"Nicosia has been always ready for a dialogue but for that ... to be effective, it needs to be clearly defined based on international law, without blackmails or threats," Anastasiades said after talks with European Council President Charles Michel in the capital of Cyprus on Wednesday.
Turkey, Greece and Cyprus have been locked in a dispute over drilling rights in the region.
On Tuesday, Ankara said it had extended the operations of Yavuz, an energy drilling ship, in disputed waters off Cyprus until October 12.
An emergency meeting of EU leaders is scheduled for September 24-25, where the main issue will be the Turkey-Cyprus standoff with sanctions a possibility.
"In view of the EU Council meeting next week, we underscored the importance of staying united on the messages (to Turkey) and determined to implement our decisions if the illicit actions continue," Anastasiades said.
EU vows to defend Cyprus rights
Michel vowed that the EU will defend the rights of member state Cyprus in its dispute with Turkey.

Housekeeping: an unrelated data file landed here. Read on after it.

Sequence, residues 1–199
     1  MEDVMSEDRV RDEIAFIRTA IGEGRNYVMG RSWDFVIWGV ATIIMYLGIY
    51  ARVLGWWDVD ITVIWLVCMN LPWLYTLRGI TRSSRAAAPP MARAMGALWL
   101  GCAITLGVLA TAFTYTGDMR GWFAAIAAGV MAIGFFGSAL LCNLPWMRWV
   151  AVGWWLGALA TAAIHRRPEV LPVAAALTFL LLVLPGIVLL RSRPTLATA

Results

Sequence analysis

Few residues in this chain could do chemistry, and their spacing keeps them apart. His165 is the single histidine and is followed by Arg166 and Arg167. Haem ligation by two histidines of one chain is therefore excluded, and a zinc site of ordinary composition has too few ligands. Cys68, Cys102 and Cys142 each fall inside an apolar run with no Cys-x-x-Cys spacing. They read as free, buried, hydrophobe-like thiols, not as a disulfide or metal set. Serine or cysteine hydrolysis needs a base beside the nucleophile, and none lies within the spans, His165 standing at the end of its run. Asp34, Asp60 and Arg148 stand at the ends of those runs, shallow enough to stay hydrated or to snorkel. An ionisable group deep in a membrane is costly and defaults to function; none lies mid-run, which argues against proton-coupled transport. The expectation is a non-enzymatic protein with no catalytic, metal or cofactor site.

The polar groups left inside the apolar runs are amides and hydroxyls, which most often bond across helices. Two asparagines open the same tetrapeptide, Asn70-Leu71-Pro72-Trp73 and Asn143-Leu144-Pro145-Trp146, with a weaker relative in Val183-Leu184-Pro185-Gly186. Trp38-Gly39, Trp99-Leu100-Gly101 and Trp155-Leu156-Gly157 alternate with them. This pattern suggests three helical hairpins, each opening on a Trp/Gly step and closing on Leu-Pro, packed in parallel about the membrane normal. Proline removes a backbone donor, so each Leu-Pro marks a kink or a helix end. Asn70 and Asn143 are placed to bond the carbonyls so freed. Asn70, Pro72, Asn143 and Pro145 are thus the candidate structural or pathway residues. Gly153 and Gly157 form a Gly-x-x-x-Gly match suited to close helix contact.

"The European Union stands in solidarity with Cyprus as it faces a grave situation. That is why we have decided to call a summit on relations with Turkey," Michel told reporters after meeting Anastasiades, adding "I believe we must be very firm when it comes to defending the rights of all member states, including Cyprus."
Also on Wednesday, European Commission President Ursula von der Leyen told the European Parliament nothing could justify what she called Turkey’s intimidation of Greece and Cyprus in the eastern Mediterranean.
Greece and Turkey almost went to war in 1974 over Cyprus, which has since been divided, with the northern third run by a Turkish Cypriot administration recognized only by Turkey and the southern two-thirds governed by the internationally-recognized Greek Cypriot government.